“They’re too eager to befriend me”
This response supports another interesting finding from the 270-person study: 66% of buyers prefer a friendly salesperson who has a proficient knowledge of their product.
This answer fell squarely between two other possible survey answers: (1) “A professional salesperson who knows their product inside and out but is not necessarily someone you consider yourself befriending” (preferred by 23% of buyers); and (2) “A charismatic salesperson who you truly enjoyed being with them but they are not the most knowledgeable about their product” (preferred by just 11% of buyers).
The moral of the story? Be friendly, but not too friendly. And know your product.
Most sales training programs focus on the recitation of facts. However, two salespeople can say the very same words with entirely different results. Mastering the soft skills – building rapport with skeptics, understanding how people process and interpret information, and framing your ideas within a buyer’s personal desires – is what ultimately makes someone influential.
Get Part 1 of our 2-part study: Why Didn’t They Buy?
2. Salespeople don’t adapt their approach to different gender perspectives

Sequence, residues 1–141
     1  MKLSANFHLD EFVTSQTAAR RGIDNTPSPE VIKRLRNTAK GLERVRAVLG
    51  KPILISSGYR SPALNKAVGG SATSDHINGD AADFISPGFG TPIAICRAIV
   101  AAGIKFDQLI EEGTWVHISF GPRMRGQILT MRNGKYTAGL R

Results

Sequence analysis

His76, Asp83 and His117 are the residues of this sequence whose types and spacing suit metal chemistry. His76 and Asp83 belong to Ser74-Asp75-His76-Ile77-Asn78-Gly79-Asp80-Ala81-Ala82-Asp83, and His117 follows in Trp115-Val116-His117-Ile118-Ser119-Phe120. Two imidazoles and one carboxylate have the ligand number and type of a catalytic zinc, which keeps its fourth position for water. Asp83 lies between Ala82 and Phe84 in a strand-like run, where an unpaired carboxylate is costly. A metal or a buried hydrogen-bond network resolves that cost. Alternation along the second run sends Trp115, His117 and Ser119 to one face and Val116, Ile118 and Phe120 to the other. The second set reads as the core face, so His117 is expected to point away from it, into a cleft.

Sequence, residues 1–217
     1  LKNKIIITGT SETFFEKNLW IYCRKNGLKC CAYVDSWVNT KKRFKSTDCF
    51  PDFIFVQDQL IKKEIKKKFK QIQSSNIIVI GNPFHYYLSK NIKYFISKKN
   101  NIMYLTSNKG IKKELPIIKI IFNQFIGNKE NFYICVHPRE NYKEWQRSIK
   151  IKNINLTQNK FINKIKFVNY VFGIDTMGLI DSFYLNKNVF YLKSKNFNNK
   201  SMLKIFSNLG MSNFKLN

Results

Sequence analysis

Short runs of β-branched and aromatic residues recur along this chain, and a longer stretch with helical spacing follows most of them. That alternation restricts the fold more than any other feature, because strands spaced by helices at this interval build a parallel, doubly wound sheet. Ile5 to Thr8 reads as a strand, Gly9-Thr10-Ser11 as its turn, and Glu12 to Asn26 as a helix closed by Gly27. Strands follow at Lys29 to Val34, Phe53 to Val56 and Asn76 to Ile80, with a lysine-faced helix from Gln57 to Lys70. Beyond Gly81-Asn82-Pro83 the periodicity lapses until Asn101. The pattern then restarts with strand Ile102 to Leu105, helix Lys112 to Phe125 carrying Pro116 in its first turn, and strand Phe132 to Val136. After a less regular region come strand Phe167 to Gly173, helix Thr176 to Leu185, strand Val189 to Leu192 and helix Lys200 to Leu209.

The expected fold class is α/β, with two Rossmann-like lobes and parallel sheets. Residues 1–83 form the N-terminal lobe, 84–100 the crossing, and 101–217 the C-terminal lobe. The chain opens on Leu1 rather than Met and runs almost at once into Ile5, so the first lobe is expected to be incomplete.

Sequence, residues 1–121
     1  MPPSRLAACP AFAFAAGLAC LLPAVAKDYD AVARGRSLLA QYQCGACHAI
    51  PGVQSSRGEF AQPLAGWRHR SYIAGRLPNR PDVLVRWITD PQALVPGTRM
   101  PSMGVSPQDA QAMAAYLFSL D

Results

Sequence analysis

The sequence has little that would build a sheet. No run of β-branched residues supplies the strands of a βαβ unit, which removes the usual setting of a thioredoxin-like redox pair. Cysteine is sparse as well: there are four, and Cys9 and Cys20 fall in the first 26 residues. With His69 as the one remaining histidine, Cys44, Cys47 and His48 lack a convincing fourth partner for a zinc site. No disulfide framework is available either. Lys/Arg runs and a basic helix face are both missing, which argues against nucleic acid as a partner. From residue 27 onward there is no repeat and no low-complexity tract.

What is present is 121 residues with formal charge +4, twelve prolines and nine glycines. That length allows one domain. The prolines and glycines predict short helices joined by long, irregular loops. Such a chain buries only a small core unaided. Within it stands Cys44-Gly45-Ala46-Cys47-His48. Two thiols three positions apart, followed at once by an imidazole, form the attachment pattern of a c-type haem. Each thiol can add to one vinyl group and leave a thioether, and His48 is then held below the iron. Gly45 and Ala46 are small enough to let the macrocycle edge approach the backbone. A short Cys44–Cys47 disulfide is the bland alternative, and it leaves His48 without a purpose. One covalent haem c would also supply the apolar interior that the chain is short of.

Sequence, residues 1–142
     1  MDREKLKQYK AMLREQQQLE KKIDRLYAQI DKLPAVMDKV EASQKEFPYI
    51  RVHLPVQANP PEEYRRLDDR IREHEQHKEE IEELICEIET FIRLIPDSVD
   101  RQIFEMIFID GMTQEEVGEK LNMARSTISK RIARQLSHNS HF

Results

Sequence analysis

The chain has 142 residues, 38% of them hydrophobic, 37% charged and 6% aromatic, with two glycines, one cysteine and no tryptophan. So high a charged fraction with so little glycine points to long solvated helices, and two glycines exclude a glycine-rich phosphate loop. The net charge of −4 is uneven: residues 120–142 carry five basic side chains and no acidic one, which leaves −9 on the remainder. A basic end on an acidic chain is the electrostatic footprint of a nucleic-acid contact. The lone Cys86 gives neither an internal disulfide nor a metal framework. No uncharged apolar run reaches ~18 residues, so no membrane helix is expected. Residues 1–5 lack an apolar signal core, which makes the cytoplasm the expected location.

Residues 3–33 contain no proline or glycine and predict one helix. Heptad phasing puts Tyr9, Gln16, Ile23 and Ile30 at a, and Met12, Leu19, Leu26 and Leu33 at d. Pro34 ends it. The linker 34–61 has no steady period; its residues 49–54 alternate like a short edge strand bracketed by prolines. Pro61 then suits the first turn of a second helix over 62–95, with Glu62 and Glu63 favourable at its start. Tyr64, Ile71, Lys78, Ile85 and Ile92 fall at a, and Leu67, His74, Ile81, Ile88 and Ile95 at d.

Women think one of the biggest mistakes a salesperson can make is to assume prospective buyers know less, not more, than they do. Men are evenly split on this subject.
The results are stark when responses are analyzed by industry and department. In Technology, for example, 80% of women say the salesperson assumes knows less than they do. In Accounting, 42% of women responded this way, and 58% of women think the salesperson assumes they know more than they do.
The reasons are undoubtedly complex, but women in business are often underestimated.
All salespeople know there are subtle differences between selling to men and to women – but knowledge is not one of those differences. Before engaging with a buyer of any gender, avoid assumptions by asking a few preliminary questions to see how much they know.
Get all of our 2-part study: 30 Ways to Get Inside the Mind of Your Target Buyer
3. Salespeople want relationships, but buyers are too busy
The salesperson’s main goal is to gain continued access to the prospective buyer and start a relationship.
But the buyer has a different set of goals – and relationships are expensive and involve investments of valuable time. Buyers have to spend time to determine whether a product’s characteristics are accurately represented, they must evaluate vendors to find the best possible partner to solve a business problem, and they must learn and implement the new product. Obviously, they’re very busy. Therefore, when salespeople meet with buyers, it’s best to provide a wealth of information, while being very judicious with time.
You don’t need to be friends with someone in order to work with them – or win their business.
Buyers share an interesting collection of traits, from their decision-making processes to shared favorite subjects in high school. It’s a valuable exercise to learn more about what they appreciate, and what they find off-putting – so sales professionals can sell an excellent product or service on its merits alone.